NEW YORK (TheStreet) -- Global alcoholic beverage giant Constellation Brands (STZ), known for products like Corona, Robert Mondavi wines and Svedka Vodka will report first-quarter fiscal 2016 earnings results Wednesday before the opening bell.

For the quarter that ended in May, Constellation Brands is projected to earn $1.23 a share on revenue of $1.6 billion, translating to increases of 15% and 6%, respectively. For the full year ending in February, earnings are projected to grow 10% to $4.88 a share, while revenue of $6.37 billion calls for growth of almost 6%.

That both quarter and full-year earnings are projected to grow at or almost twice the rate of revenue underscores the focus management has placed on its profit margins and retuning value to shareholders. And this would explain why shares of the Victor, New York-based company are already up some 20% in 2015, against 1% gains for the S&P 500 index.

So, while taking profits ahead of Wednesday's results would ordinarily seem like a smart move, in this case, it would be huge mistake.

This is a "cash machine that continues to execute well," said TheStreet's Jim Cramer in April. "Investors who sell the stock near current levels are going to wish they hadn't done so," he added. 

Cramer was right. When he made those comments two months ago, the stock was up less than 1% on the year. But as he then also noted, Constellation Brands was already ahead of its peers in terms of revenue, suggesting the stock wouldn't stay depressed for long. And that's exactly the same position the company is in today.

Constellation Brands shares have since lapped the 7% gains in the PowerShares Dynamic Food & Beverage ETF (PBJ) -- home to prominent consumer staples producers like PepsiCo (PEP) and Kraft Foods (KRFT). The stock reached a new lifetime-high last week of $122.13.

With a P/E of 27 times earnings compared to an average P/E of 21 for S&P 500 stocks, its shares might appear too bubbly. But the company is one quarter removed from delivering profits that jumped almost 40%. Better still, Constellation Brands continues to show improvement in every important metric, including gross margin, which expanded 118 basis points last quarter, reaching 43.75% of sales.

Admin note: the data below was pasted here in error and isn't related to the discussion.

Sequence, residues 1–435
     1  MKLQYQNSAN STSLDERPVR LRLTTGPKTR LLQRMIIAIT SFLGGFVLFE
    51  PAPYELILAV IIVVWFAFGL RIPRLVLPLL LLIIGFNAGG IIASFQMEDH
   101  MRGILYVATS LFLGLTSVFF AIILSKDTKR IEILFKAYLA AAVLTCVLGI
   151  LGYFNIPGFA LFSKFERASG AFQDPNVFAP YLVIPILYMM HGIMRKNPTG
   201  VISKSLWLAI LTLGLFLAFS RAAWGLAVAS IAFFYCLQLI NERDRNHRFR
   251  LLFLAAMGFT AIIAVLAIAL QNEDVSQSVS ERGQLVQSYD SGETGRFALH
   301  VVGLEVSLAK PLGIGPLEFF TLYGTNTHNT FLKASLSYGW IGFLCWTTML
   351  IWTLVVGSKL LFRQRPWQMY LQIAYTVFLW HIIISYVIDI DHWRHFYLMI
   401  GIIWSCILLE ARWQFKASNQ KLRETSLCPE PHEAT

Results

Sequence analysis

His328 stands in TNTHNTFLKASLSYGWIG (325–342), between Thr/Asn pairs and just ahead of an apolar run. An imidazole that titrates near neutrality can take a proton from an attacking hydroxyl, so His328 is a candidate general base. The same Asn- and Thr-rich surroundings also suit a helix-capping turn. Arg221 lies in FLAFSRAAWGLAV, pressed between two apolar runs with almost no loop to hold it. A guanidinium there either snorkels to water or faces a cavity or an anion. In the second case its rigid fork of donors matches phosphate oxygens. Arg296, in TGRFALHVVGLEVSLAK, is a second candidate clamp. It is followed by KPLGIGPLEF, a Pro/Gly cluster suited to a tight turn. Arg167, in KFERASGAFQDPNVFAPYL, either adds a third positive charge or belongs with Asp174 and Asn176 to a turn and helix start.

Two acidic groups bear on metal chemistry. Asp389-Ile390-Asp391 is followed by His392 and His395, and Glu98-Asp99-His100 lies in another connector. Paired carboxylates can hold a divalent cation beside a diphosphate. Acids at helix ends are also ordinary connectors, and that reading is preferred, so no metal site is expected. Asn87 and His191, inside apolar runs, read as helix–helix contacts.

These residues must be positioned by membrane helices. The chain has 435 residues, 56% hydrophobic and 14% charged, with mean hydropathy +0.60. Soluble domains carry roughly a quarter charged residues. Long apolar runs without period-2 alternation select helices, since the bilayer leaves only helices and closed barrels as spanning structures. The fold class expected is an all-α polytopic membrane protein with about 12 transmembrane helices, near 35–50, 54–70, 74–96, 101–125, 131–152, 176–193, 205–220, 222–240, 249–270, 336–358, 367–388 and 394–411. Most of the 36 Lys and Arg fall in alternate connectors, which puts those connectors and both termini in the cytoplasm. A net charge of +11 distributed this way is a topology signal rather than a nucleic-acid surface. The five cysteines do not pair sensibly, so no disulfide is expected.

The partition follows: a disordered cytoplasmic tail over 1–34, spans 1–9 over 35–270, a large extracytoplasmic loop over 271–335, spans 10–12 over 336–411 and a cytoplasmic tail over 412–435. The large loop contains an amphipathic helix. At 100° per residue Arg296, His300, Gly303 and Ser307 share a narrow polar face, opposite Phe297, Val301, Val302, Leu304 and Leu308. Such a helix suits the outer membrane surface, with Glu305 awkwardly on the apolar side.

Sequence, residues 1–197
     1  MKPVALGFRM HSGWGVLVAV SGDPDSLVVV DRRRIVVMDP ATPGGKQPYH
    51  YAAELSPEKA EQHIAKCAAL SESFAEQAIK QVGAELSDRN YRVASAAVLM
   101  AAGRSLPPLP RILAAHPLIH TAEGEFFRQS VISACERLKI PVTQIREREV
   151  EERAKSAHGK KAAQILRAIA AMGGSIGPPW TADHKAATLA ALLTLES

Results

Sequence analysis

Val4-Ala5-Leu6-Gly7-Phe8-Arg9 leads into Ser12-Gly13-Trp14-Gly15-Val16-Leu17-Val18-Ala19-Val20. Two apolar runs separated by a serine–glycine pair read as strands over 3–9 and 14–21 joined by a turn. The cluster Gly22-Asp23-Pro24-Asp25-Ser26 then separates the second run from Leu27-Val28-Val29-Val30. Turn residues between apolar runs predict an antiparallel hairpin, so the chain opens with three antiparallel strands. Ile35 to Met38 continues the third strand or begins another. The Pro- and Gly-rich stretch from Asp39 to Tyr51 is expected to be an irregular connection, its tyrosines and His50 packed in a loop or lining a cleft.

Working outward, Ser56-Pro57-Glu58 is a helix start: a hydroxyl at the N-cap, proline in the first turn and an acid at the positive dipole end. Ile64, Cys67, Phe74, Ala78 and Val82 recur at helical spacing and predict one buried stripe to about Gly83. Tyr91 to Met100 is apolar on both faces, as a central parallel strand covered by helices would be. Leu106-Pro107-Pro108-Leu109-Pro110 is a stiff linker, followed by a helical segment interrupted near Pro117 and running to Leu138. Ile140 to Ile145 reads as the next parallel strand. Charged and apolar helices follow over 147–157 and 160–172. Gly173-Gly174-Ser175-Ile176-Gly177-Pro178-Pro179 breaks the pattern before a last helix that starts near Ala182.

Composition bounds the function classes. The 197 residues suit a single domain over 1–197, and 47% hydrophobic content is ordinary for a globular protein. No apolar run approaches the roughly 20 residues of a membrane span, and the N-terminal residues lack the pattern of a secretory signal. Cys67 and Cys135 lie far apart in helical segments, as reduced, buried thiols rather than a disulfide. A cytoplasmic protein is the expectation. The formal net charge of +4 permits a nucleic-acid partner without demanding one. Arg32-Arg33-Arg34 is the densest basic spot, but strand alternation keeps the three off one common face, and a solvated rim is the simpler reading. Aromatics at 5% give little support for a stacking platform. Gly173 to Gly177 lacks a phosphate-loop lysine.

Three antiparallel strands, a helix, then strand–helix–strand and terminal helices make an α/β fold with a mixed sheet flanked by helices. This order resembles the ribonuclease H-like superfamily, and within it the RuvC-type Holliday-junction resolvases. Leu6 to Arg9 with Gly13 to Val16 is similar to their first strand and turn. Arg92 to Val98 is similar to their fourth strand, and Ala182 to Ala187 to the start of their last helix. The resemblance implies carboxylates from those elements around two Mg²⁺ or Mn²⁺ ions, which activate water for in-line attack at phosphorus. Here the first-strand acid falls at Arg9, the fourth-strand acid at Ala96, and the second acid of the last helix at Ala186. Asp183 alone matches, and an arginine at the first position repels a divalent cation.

Moreover, revenue from its beer portfolio, which includes Modelo Especial, Negra Modelo and Corona Extra, climbed 11% year over year to $661 million. The company is benefiting from strong volume growth and higher-than-expected consumer demand. And if recent trends serves as indication, Constellation Brands has only just begun to pour higher profits.

Buoyed by the growing popularity of whiskeys like bourbon and Tennessee whiskey in the United States as well as abroad, whiskey sales are still on the rise, according to the Distilled Spirits Council of the United States. The value of imported whiskey in the United States has climbed by an average of more than 10% annually in the last three years.

In the first quarter of 2015 alone, whiskey imports climbed 15.2% year over year, reaching some $395 million. Not only does this bode well for Constellation Brands' premium whiskey brand, Black Velvet, it also increases the odds of the company extending its streak of quarterly earnings beats to three on Wednesday.

Constellation Brands shares were trading early Monday afternoon at around $116, but the stock could easily approach $130 to $135 in the next 12 to 18 months, based both on the company's new status as a dividend payer, and more importantly, its ability to grow margins and deliver higher profits.

This article is commentary by an independent contributor. At the time of publication, the author held no shares in any of the stocks mentioned.

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